Tony Robinson recently visited Warwick Castle to unlock four rooms not seen by the public for hundreds of years. GTW caught up with him to ask about his favourite days out, the importance of visiting historical sites & what places can do to attract tourists.
Described as ‘Britain’s ultimate castle’, Warwick Castle is a perfect example of the best of Britain’s historical sights. Beautiful and imposing, it stands in a glorious setting on the banks of the River Avon. Over the centuries, the castle has played a key role in pivotal moments in England’s history. These days, it has become an excellent example of how to develop and run such a site, with so much to see and do that one day is not enough to enjoy everything on offer. Warwick Castle still doesn’t stand still, either; an impressive programme of research and restoration means that there is always more to see and explore. In February, Time Team presenter and Blackadder favourite Tony Robinson officially unlocked four new rooms, including a tower built for Richard III during his reign. GTW will be looking at Warwick Castle and the new rooms more closely next month, but we also took the chance to catch up with the nation’s favourite historian.
QOur magazine focuses on groups days out, group breaks and so on… in these days of TV programmes and virtual online tours, what is the importance of still coming to visit places like Warwick Castle in person?
A I don’t think you can beat that extraordinary sense of reality that you get when you’re actually in a place that is immersed in history. It’s a completely different experience. It’s the difference between falling in love and reading a sex manual! But I also think that there’s a responsibility on local authorities, local museums, local libraries to try to integrate the experience of a place in such a way that people can travel there and know what they’re seeing, know how to get from one place to another, and how to use their day well. Warwick is a perfect example of this – I really don’t know the town of Warwick and I feel I should. I would love to see Warwick Castle as a springboard for discovering the whole of Warwick and I would love to see Warwick itself helping me to understand the relationship between the town and the castle. That way, if I came, I might actually stay the night – I might stay two nights! In these straitened times, we’re going to be relying on the dollar, we’re going to be relying on the yen, we’re going to want people to stay in our areas. Just to have one or two attractions will only hold people for so long. I was talking to someone at the Eden Project recently, and they told me about the statistics for visitors: if they stay for X number of hours they won’t eat anything, they’ll just have a pee. X plus one hours, they’ll have coffee with you. X plus five hours, they’ll stay the night! We all need to work on that. Visitors come to somewhere like this, but the castle didn’t just exist on its own. Go beyond the confines of it and learn the whole story.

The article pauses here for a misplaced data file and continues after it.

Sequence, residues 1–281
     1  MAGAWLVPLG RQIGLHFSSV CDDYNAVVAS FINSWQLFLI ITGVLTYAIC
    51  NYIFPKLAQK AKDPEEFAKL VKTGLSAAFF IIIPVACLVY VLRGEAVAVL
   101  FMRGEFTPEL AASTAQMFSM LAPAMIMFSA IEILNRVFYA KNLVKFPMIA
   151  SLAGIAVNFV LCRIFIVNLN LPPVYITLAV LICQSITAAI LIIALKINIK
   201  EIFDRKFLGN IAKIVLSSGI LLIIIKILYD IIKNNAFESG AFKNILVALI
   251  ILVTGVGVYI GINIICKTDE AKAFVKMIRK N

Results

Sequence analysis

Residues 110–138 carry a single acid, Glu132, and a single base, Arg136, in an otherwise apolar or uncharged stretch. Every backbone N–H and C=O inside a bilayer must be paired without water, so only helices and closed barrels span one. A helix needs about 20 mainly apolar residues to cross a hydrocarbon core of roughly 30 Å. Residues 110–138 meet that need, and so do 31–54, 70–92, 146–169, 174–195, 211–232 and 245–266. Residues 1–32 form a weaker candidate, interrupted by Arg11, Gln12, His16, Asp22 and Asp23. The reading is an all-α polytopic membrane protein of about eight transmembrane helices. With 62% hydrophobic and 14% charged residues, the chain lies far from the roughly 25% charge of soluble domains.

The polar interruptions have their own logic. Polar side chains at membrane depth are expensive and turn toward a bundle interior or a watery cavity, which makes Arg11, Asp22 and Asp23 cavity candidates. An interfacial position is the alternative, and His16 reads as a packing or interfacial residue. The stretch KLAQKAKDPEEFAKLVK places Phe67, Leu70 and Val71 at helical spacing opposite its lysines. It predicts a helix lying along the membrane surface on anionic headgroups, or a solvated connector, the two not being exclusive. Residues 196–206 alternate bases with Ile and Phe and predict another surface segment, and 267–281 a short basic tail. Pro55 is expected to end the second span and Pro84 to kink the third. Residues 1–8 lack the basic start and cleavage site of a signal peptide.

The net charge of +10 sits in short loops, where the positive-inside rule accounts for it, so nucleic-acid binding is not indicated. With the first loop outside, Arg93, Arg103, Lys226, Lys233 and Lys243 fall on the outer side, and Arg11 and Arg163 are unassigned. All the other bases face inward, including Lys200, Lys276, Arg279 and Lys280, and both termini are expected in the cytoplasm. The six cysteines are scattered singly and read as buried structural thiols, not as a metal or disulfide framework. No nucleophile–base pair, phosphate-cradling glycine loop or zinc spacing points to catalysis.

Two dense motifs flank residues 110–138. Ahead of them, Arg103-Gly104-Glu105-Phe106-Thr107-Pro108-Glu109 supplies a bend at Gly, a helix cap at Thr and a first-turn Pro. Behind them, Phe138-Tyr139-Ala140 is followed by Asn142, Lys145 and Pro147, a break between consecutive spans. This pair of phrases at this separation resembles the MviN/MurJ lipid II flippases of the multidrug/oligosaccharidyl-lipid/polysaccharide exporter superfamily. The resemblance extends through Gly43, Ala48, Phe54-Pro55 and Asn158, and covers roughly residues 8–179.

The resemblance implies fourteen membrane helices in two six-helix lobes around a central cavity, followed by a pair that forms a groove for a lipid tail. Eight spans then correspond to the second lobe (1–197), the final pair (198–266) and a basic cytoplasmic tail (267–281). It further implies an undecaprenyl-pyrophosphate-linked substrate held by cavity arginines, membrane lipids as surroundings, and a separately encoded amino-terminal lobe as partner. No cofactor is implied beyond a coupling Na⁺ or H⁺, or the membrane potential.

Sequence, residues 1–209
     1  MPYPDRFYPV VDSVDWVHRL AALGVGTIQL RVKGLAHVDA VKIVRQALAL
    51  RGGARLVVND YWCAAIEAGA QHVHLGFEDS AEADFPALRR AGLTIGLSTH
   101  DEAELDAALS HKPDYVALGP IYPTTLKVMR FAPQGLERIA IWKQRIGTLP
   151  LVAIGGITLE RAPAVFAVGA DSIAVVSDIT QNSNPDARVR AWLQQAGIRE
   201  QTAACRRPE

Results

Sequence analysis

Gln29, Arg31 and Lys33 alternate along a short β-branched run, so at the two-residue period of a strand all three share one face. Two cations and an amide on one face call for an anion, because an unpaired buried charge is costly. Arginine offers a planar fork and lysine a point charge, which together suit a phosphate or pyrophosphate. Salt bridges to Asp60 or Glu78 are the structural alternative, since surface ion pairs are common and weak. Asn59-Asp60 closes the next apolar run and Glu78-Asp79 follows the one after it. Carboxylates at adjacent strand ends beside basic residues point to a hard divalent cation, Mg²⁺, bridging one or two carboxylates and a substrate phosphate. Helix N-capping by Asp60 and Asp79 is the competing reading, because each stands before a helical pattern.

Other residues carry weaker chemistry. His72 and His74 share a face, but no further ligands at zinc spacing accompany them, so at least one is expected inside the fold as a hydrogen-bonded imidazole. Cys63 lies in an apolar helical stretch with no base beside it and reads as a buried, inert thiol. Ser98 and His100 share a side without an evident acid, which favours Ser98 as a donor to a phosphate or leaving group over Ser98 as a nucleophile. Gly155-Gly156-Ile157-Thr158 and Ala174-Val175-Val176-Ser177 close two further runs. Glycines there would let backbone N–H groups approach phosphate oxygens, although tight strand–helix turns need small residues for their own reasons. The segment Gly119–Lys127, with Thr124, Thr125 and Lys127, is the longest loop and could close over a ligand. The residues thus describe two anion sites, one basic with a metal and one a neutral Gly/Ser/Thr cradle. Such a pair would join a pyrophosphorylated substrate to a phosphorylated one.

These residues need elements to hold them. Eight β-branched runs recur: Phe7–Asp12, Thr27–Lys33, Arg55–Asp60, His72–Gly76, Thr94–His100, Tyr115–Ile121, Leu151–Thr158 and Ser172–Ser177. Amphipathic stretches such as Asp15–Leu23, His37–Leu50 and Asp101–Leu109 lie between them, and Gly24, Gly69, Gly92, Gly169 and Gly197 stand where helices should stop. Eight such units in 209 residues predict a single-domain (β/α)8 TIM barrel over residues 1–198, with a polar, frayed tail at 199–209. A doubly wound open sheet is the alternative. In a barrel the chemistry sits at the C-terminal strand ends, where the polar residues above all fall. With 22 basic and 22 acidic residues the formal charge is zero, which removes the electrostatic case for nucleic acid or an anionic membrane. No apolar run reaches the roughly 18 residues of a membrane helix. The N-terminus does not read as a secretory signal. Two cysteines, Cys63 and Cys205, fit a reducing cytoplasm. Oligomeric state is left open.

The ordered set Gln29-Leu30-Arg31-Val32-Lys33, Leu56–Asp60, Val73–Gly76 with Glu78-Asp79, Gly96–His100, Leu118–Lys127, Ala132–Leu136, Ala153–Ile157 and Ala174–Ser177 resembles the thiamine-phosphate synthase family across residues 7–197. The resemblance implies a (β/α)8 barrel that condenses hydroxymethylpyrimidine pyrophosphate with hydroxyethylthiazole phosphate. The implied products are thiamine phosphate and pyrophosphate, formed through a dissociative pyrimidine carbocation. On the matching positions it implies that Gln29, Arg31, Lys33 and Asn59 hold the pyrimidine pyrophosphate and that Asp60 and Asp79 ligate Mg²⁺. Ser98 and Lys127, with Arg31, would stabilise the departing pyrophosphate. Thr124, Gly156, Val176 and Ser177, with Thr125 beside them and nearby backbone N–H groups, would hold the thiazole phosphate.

Q What is your favourite day out? Where would you choose to go on a day off?